A monthly meeting of Brookhaven’s Social Justice, Race and Equity Commission provided an update on where the commission stands and what types of recommendations residents can look forward to regarding diversity and equity in Brookhaven.
The city started the SJREC in September of 2020 in response to nationwide protests against police brutality and inequity. The commission is broken up into four sub-committees: Vision and Mission, Hiring and Retention, Procurement and Contracting and Policing.
The commission is expected to make recommendations on these four topics to the Brookhaven City Council by the end of this year. At a July 15 meeting, co-chairs for each subcommittee gave a short update on where their committee and topic of interest stand.
Vision and Mission
The Vision and Mission subcommittee plans to begin asking the larger community for feedback regarding the city’s vision and mission statements, according to Co-Chair Tiffany Russell.
She said the subcommittee will participate in an Aug. 5 workshop about how vision and mission statements are created, led by one of the subcommittee’s members.
Russell said the biggest challenge for the subcommittee at this moment is the length and density of the city’s charter.
“The charter is one of those looming issues for us because it is so long and we want to spend some time really being thoughtful about the way that we examine it through an equity lens,” she said. “So our next step – our biggest hurdle – is being able to separate the charter and give some homework assignments so that we each have a chance to fully examine the charter.”
Russell said the subcommittee has already begun to dive into the charter.
Hiring and Retention
The Hiring and Retention subcommittee has begun to move away from their data collection phase and toward engaging the community, said Co-Chair Tywana Minor. At its last meeting, the subcommittee decided they would create a survey to be sent out to city employees to learn more about equity in relation to the city’s hiring practices.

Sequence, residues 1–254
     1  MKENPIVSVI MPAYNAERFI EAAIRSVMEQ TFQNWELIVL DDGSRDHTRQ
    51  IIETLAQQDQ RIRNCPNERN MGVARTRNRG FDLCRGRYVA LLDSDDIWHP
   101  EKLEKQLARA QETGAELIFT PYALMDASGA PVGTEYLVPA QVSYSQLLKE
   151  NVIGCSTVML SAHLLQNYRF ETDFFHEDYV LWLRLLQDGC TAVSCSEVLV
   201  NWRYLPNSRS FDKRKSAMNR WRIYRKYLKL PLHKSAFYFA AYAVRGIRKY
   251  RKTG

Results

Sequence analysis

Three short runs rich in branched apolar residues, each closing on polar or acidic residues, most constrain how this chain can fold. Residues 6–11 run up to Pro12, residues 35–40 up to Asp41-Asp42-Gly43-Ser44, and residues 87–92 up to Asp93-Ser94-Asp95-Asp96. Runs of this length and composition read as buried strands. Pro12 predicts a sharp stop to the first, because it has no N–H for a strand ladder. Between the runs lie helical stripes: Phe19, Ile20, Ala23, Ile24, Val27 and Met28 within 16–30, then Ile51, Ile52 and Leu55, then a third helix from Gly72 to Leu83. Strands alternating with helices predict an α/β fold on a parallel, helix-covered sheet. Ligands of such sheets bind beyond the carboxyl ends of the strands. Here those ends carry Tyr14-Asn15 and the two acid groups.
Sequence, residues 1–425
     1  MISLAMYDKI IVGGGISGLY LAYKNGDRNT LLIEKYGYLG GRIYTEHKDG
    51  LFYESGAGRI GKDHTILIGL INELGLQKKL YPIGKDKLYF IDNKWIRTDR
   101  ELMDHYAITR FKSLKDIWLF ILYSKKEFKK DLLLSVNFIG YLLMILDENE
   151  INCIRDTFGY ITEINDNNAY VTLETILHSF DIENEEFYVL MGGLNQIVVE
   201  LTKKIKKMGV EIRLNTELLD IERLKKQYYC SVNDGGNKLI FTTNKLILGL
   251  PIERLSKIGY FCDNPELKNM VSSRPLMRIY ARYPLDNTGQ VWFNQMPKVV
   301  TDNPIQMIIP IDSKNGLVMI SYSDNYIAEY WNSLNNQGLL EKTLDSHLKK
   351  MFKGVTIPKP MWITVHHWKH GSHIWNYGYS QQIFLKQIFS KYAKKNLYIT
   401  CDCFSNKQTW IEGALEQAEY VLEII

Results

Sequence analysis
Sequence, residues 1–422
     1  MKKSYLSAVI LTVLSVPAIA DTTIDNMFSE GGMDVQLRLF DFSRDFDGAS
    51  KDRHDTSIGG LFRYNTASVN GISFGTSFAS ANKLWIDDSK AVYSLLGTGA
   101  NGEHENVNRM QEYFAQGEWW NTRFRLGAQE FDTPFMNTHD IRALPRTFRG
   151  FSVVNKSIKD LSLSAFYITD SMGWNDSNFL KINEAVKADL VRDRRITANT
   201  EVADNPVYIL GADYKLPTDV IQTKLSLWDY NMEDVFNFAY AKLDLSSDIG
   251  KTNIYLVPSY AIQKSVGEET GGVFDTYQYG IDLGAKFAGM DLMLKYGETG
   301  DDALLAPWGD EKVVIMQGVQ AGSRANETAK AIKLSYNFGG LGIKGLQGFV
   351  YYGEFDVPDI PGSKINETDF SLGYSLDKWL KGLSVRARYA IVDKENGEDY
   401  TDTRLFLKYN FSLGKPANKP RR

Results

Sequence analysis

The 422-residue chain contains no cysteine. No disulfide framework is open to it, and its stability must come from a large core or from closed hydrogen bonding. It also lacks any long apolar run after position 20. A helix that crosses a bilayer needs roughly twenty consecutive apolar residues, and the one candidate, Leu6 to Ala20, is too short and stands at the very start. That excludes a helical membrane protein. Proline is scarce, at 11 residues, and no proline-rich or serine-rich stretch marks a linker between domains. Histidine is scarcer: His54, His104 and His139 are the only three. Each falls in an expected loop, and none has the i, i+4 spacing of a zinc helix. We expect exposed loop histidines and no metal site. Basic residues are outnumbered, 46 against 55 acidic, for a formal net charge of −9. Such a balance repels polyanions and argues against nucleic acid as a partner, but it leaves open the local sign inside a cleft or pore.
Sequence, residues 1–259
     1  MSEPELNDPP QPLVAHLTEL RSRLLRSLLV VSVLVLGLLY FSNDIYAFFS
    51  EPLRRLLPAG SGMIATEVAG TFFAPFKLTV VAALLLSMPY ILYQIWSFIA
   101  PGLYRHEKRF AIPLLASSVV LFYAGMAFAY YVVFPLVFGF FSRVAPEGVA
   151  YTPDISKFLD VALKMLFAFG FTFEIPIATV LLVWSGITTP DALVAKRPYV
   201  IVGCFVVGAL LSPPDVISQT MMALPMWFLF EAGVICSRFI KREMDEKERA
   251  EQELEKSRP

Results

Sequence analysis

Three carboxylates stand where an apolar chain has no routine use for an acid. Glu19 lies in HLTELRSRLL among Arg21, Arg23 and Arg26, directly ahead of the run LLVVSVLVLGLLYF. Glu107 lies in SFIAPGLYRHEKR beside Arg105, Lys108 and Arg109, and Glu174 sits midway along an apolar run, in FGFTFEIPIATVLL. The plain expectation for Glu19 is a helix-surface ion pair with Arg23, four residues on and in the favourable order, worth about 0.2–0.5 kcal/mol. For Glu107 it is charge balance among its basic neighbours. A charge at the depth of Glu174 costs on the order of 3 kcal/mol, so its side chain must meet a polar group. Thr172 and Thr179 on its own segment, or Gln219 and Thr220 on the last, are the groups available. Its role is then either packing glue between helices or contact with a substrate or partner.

Minor said the subcommittee is exploring the option of using an outside vendor to administer this survey. She said the subcommittee’s goal is to discuss possible questions for the survey at their next meeting.
Minor also said City Manager Christian Sigman has agreed to help the city get data from surrounding communities as well.
“[Sigman] agreed to help us get some best practice data from other municipalities that we could also incorporate into our work,” she said.
Procurement and Contracting
The Procurement and Contracting subcommittee has created a survey that will be sent out to different contractors in the community, both those who have received contracts from the city and those who haven’t, said Co-Chair Jim Moses.
According to Moses, the survey will be emailed out in two waves, and there will be more than 11,000 emails sent. Moses said the subcommittee intends to use this data to generate reports that provide more information about how the city performs in procurement and contracting through the lens of equity.
“Hopefully we will give to the city a legacy document that they can use annually to go out and judge themselves … and what their standing is with their customer base, which would be vendors and contractors,” he said.
According to the presentation, the subcommittee hopes to have data and reports for review within 10 days.
The Policing subcommittee has received and reviewed a plethora of data from the Brookhaven Police Department, according to Co-Chair Monique Hudson. That data includes complaints against police, ethnicity and race data when it comes to arrests and data on what types of training police officers go through in Brookhaven.
Hudson said the subcommittee hopes to look at best practices from other cities before making their recommendations to see what has been tried before and what hasn’t worked.
“We’re not recommending things to Brookhaven that have been done before, have failed before,” she said.